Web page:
Alice and David’s Philosophy

David and Alice (Clarkson) Turley

The Turleys have both searched for and found their roots.  And guess what?  “Their roots are your roots.   We all stem from a common ancestor – our great-grandfather Noah continuing further back to Adam and Eve.  Ours is a shared ancestry.  We shouldn’t think of it and say, ‘My ancestry, mine, mine, mine.’  We should say, ‘ours, ours, ours.’  The further back we reach, the greater the chorus swells.  We are all brothers and sisters,” stated Alice, the Genealogist.

Alice explained her interest this way, “I am the biological blend of two different people, and I have some of my parents’ characteristics – their speech, mannerisms, gestures, attitudes, and so on.  This is one of the reasons genealogy intrigues me, because I wonder how many of my ancestors’ character traits and physical attributes I carry on.  I wish I could find a detailed written and visual account of each person on my family tree.  I am sure it would help me appreciate them more and better understand myself.”

From records that are available, the Turleys have found two grandfathers who fought against each in the American Civil War; an eighty-year-old almost-blind great grandfather whose name appeared differently in three different census records; another cousin, George Washington,  who became the first President of the United States; a grandfather who froze to death after crossing the Platte River in 1856 on his journey West; a grandmother from Ireland who smuggled her nephew in a barrel on the emigrant boat since they couldn’t afford his passage; five Signers of the Magna Charta, including King John; a royal relative from France who died on the “throne” (but not a royal throne!); a Viking ancestor who helped conquer Normandy over 1,000 years ago and started the English royal line through his descendant, William the Conqueror; and finally Anna, the cousin of Mary, the Mother of Jesus.

Alice believes Arthur R. Basset expressed it well when he wrote, “Ironically, some of our best genealogical information is that concerning our earliest parentage.  Sometimes we forget when reading the early portion of the Bible that we are reading our own family history and that we share a very special relationship with those individuals.  Few of us would think of claiming Iraq as an ancestral homeland, yet that is where  ancestor the Prophet Abraham, was born and reared to early maturity.  Syria remains a foreign country in the minds of many of us, yet our grandmothers Rebecca and Rachel were born there, as was our grandfather Joseph [and his brothers who begat the Twelve Tribes of Israel].” (Ensign, September 1980, p. 9.)  Through our roots, we are citizens of the world, and whatever happens in the world affects our distant cousins.”

David elaborated, “As we contemplate our ancestry and what they have endured that we might be here – as we sense their faith and courage and feel their love for us and our love for them, we begin to comprehend the eternal nature of the family.  We know that each family is unique; nowhere in the world is there a family exactly like ours.  But we also have a shared history and, in a world like ours, families are a powerful anchor.  We agree with Alex Haley, the author of Roots, who said, ‘The family that comes together . . . finds sanctuary that nurtures all of it.  This is important because, quite simply, the family is the reason all of us are here.  From man’s first tottering steps on earth, the family has created life, sustained it and enriched it.  The family is our refuge and springboard; nourished in it, we can advance to new horizons.  In every conceivable manner, the family is a link to our past and bridge to our future.’”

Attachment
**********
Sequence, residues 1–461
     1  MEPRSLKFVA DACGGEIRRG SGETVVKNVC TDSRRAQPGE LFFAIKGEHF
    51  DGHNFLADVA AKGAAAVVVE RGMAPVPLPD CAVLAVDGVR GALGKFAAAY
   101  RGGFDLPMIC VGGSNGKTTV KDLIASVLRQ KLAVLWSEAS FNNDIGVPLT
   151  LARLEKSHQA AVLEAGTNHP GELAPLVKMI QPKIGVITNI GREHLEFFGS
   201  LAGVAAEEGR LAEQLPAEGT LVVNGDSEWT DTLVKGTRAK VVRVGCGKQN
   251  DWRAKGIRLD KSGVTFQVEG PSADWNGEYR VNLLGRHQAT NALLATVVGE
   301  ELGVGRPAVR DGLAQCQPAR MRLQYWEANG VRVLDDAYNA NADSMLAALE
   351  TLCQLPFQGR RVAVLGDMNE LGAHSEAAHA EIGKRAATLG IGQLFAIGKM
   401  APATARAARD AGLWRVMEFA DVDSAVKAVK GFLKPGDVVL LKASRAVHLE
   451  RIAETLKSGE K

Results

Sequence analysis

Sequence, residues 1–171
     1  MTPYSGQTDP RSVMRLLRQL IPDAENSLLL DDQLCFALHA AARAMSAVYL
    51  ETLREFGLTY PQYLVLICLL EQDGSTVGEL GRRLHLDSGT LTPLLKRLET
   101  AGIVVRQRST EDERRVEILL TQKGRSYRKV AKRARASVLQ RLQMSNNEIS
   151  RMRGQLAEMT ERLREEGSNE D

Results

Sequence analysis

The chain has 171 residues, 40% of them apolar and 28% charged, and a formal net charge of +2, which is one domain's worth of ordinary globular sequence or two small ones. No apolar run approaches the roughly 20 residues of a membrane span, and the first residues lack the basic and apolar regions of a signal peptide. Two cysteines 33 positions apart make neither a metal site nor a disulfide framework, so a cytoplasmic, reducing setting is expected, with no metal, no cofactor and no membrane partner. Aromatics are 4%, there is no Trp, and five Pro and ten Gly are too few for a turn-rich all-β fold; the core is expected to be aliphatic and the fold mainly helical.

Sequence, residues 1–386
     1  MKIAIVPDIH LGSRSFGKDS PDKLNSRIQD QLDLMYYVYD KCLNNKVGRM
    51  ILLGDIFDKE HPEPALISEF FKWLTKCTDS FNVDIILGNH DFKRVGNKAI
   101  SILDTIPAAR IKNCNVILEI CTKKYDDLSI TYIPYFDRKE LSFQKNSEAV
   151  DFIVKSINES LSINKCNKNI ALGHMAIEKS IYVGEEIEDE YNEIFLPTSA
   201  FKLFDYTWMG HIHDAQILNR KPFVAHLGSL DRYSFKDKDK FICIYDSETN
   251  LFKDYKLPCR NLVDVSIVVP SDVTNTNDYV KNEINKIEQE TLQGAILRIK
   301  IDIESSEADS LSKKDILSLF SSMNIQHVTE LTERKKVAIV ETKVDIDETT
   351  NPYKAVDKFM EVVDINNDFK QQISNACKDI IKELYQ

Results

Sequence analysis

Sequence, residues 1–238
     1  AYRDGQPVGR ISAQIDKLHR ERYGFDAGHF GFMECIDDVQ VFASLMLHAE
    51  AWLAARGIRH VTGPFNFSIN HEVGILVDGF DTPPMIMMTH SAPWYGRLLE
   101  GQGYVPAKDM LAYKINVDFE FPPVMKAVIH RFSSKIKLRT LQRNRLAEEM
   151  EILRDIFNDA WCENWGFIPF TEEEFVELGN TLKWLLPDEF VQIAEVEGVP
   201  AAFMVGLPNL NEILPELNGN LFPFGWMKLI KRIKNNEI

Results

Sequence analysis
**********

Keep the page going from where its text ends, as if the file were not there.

The Turley family tells stories at conventions and family reunions that raise goose bumps on one’s arms of the outright miracles that aided in their search for their roots.   The father of this unique family summarized their search – an unequaled emotional experience – with a statement made recently.  Paraphrasing Wyndham Robertson, he said, “In view of all we have heard and read, I think it is fair to say our ancestors were generally enterprising, prudent, amiable, and honest.  They were more respected than distinguished, more patriotic than indifferent, and simultaneously conservative and radical.  While a few fell to the depths of worthlessness, more rose to the heights of goodness and success.  They made life great for us and now it is our turn to honor our forefathers by making our homes ones of gratitude, honor, high morals and values, with love for each other and for God.”

Alice and Paul Hokanson, Smith-Mack Family Historian


Once upon a time, there were three men who, from all outward appearances, looked to be alike.  The three men made a long journey together to a choice mountain spring, filled with the best of all possible cool sparkling water.  The first carried a lone gourd; the second carried a sheep-skin bag; and the third carried a large cask strapped to his back.  Each looked at the other and wondered what kind of traveling companion he had chosen.  At last, when the spring was encountered, each man proceeded to fill the container which he had provided himself with, and seemed perfectly content with its capacity.  They, in the best of spirits, retraced their steps along the trail; each feeling that he was, in all truth, the best judge of the true worth of this spring of mountain water.

You can fill your gourds, sheep-skin bags, or casks with this family history of our shared ancestors.  We hope you will accept is as it is offered, an imperfect but sincere, dedicated effort.

You are your own best judge of its true worth.

Do you think national anthems may be bad for multicultural countries.